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Dispersants

  • Daniel J. Shanefield

Abstract

Sedimentation Height. If a ceramic powder with a particle size ranging from about 1 mm to 5 mm is well dispersed (deflocculated or deagglomerated) in a fluidizing liquid (the solvent) and then left to settle by the forces of gravity, after a few hours the particles will form a fairly dense compact at the bottom of the vessel, with a packing factor of about 50% of the theoretical density of the fully sintered ceramic. The solvent lubricates the particles as they fall, letting them pack better than they would in the dry “shaken and settled” example listed in Table 5.1, which only would be about 33% of theoretical density (T.D.). This wet-settled packing factor is approximately as good as in the dry “lubricated and pressed” example in that table, even though only 1 g of gravity is the force, compared to 10,000 pounds per square inch or so in dry pressing. The reason for the good packing is a highly effective sort of lubrication that the solvent provides, which allows the falling particles to rearrange themselves, filling whatever pores are close to their individual sizes. The settled condition is shown in Fig. 8.1, compared to the same weight of poorly dispersed (flocculated) powder that only wet-settles to a larger final volume with a lower packing factor. If the powder is very much flocculated, and there is a lot of it in the slip, there might not be any visible settling at all, since the floc can fill the entire container. Various intermediate levels of dispersion, occurring either because the dispersant or the mechanical action (ball milling, etc.) are only moderately effective, will result in various intermediate heights of the powder column after a few hours. Therefore the “sedimentation height” of the settled powder has been used as a quantitative measure of dispersion effectiveness.1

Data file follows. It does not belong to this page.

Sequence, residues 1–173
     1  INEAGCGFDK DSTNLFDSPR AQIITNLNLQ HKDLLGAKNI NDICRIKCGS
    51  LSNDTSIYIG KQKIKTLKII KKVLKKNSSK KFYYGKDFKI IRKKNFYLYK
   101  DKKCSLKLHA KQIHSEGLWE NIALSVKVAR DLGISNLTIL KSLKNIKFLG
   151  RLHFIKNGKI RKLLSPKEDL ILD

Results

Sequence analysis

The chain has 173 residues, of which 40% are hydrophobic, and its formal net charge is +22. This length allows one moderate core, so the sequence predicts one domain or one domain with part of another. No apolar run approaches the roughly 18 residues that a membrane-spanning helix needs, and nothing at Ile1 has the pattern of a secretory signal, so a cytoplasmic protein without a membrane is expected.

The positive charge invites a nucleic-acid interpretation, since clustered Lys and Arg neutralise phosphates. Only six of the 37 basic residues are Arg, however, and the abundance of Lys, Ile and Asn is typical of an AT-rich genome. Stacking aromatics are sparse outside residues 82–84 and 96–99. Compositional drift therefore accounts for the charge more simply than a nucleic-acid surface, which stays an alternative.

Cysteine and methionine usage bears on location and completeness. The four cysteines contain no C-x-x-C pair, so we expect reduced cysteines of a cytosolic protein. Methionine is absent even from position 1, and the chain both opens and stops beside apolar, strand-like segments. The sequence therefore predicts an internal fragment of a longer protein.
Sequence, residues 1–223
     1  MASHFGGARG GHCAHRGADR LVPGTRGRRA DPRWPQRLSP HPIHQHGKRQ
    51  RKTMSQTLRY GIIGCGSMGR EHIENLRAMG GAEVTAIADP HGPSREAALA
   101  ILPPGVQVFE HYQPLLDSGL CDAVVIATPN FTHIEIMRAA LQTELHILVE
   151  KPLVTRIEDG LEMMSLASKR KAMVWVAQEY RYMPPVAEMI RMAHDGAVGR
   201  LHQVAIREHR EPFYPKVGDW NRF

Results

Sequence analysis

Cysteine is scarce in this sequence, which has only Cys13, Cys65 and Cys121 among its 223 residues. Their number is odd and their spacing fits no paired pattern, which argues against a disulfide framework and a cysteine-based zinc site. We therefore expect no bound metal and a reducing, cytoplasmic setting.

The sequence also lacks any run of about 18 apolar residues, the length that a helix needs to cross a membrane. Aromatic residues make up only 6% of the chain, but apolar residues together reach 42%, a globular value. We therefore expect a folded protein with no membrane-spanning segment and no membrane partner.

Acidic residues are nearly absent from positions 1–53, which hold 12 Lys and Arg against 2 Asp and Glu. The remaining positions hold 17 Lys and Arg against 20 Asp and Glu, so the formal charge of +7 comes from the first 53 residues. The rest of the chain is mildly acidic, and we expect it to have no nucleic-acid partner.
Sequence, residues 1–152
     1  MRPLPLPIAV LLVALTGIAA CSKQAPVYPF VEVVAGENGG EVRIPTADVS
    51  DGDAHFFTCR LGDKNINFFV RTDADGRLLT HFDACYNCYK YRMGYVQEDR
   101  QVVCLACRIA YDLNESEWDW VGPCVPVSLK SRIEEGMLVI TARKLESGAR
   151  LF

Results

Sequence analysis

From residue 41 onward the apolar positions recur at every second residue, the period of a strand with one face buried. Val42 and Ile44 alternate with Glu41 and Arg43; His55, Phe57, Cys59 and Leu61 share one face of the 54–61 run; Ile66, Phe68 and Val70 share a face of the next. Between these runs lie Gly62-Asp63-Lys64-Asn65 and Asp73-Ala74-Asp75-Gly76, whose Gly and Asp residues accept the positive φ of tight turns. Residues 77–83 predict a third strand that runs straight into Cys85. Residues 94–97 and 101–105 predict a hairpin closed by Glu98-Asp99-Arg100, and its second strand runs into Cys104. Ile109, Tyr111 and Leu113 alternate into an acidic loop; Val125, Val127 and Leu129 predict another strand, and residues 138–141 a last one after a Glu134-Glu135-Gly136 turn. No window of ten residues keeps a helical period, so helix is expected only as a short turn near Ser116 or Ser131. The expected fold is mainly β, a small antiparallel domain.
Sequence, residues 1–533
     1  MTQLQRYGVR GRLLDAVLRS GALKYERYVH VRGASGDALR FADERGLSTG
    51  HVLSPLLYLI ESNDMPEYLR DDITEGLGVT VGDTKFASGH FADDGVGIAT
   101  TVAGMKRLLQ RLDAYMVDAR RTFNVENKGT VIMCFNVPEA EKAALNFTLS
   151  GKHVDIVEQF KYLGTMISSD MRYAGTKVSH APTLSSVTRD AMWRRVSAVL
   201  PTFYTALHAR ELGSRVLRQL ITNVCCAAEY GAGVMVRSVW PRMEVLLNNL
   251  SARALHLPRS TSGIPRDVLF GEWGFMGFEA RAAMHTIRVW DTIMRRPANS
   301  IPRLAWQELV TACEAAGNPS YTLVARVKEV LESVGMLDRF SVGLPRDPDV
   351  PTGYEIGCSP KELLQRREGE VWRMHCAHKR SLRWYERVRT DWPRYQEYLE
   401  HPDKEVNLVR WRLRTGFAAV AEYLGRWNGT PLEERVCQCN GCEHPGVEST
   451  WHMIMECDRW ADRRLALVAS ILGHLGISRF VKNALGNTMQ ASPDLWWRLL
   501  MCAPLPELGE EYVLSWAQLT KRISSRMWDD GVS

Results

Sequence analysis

Keywords

Ceramic Powder Solid Loading High Solid Packing Factor Ceramic Processing 
These keywords were added by machine and not by the authors. This process is experimental and the keywords may be updated as the learning algorithm improves.

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Copyright information

© Springer Science+Business Media New York 1995

Authors and Affiliations

  • Daniel J. Shanefield
    • 1
  1. 1.Rutgers UniversityUSA

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